Imaginary fiends - The Boston Globe
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Imaginary fiends In 2009, crime went down. In fact it's been going down for a decade. But more and more Americans believe it's getting worse. Why do we refuse to believe the good news?
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The year 2009 was a grim one for many Americans, but there was one pleasant surprise amid all the drear: Citizens, though ground down and nerve-racked by the recession, still somehow resisted the urge to rob and kill one another, and they resisted in impressive numbers. Across the country, FBI data show that crime last year fell to lows unseen since the 1960s - part of a long trend that has seen crime fall steeply in the United States since the mid-1990s. At the same time, however, another change has taken place: a steady rise in the percentage of Americans who believe crime is getting worse. The vast majority of Americans - nearly three-quarters of the population - thought crime got worse in the United States in 2009, according to Gallupâ€™s annual crime attitudes poll. That, too, is part of a running trend. As crime rates have dropped for the past decade, the public belief in worsening crime has steadily grown. The more lawful the country gets, the more lawless we imagine it to be. The implications for the country at large are stark. Democracy is based on an informed public calling upon its representatives to address problems facing their society. If we believe crime is on the march in the streets all over the country, it influences our beliefs on critical issues from gun control to sentencing laws, from how we run our prisons to how much money we spend on law enforcement. Misinformation on the part of the public makes for bad lawmaking on the part of the government.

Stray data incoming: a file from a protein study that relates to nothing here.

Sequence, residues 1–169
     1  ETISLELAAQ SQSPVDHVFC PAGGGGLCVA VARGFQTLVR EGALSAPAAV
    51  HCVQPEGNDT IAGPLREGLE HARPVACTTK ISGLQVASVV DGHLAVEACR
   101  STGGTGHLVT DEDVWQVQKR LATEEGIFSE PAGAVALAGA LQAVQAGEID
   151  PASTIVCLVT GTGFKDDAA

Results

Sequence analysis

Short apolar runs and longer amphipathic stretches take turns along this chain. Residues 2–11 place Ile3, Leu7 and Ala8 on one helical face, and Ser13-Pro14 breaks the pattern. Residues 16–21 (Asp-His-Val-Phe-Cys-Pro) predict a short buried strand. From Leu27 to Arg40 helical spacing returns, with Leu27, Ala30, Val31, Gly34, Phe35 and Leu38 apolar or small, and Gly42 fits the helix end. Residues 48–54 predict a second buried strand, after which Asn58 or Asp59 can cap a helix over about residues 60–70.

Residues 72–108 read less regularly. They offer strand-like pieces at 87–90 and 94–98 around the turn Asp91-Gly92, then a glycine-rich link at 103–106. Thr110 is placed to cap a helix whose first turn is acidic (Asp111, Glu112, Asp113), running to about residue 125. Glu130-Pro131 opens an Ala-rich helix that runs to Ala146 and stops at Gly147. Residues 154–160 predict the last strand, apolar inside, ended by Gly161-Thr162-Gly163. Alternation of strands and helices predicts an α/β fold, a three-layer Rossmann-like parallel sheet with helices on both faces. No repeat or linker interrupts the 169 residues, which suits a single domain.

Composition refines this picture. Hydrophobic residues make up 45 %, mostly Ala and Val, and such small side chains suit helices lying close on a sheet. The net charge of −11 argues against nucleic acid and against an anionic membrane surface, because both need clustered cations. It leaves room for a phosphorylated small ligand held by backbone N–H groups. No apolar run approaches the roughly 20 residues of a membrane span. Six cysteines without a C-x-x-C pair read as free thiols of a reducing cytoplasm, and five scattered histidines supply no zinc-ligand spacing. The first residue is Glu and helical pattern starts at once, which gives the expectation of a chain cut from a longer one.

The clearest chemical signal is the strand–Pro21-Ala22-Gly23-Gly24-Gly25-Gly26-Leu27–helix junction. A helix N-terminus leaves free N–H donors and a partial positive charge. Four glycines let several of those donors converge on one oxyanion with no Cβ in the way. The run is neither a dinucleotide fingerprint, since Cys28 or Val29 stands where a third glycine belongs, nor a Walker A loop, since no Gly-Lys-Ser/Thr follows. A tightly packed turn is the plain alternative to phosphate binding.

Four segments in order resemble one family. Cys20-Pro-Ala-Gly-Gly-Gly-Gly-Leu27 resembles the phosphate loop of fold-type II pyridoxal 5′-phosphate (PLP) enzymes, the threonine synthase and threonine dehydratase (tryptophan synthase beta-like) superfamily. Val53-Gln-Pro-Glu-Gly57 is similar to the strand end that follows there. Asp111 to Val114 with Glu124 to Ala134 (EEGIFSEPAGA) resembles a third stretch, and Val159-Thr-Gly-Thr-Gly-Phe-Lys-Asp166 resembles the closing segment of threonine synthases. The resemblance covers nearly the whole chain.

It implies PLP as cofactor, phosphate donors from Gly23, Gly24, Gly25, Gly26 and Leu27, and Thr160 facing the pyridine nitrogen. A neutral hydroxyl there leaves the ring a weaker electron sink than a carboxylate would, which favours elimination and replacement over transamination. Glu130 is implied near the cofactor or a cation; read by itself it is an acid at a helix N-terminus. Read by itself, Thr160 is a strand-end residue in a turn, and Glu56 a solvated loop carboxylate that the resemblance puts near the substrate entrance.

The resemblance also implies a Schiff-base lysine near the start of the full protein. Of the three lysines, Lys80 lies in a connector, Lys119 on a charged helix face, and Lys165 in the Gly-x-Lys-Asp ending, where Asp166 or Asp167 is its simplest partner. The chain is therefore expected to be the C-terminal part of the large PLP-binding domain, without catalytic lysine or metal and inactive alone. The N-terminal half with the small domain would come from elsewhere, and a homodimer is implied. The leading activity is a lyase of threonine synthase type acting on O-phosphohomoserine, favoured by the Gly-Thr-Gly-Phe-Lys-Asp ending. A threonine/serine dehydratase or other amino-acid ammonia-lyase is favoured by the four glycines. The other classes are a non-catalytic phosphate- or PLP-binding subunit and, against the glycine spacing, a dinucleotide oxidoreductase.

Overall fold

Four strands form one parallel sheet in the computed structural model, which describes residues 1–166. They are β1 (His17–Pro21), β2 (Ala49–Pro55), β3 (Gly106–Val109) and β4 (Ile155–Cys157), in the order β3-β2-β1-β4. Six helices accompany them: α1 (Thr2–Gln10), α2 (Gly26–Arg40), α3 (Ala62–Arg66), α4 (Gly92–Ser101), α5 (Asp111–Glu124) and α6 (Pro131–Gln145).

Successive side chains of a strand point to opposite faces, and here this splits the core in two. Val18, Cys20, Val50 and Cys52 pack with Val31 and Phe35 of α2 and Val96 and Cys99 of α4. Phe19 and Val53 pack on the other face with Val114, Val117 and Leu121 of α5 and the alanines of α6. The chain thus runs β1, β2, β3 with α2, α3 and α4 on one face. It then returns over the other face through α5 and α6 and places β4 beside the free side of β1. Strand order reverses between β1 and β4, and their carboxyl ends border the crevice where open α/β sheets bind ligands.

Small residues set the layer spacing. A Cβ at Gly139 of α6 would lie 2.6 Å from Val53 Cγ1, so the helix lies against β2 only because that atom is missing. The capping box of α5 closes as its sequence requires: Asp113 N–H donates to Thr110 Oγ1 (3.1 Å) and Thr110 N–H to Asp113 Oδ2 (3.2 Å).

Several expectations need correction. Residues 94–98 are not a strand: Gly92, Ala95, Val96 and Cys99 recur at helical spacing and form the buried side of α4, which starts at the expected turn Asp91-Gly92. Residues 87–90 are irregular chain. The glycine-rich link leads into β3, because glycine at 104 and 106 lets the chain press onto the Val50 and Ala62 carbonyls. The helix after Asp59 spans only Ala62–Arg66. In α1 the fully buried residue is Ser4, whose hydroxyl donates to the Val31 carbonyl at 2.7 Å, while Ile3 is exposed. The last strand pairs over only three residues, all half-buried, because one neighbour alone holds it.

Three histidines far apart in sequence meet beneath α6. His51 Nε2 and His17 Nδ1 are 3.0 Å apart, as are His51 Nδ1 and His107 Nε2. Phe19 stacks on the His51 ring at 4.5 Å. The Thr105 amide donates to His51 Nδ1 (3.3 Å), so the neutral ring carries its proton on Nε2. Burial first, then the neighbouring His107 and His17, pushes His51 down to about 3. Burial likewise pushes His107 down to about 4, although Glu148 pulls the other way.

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Imaginary fiends - The Boston Globe
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How did we get this idea in our heads? Why do we persist in believing the United States is inexorably sliding into lawlessness when we should be rejoicing that exactly the opposite is happening? The short answer is that we’ve been taking our cues on crime from a host of things that are both abstract and wholly unrelated to crime. And perhaps, by understanding why we’ve come to believe what we believe, we can take some steps toward mending our relationship with reality. Take murder. The murder rate rose and fell over the 20th century, climbing to an early peak in 1933, then dropping sharply and staying low through the Depression, World War II, and into the 1960s. It rose to a record level in 1974, broke that record in 1980, and stayed prodigiously bloody through the early ’90s. This is when Bill Clinton boosted funding for local police forces, and police began experimenting with radical new approaches to policing, such as those employed in the so-called Boston Miracle. In 1994, the murder rate started to fall, and it’s been falling ever since. Rape, robbery, and aggravated assault have dropped along with it. Last year was no exception. According to preliminary FBI data, the murder rate dropped 10 percent from 2008 to 2009, robbery fell 6.5 percent, aggravated assault fell 3.2 percent, auto theft was down a whopping 18.7 percent. Continued...
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Published on Aug 15, 2010
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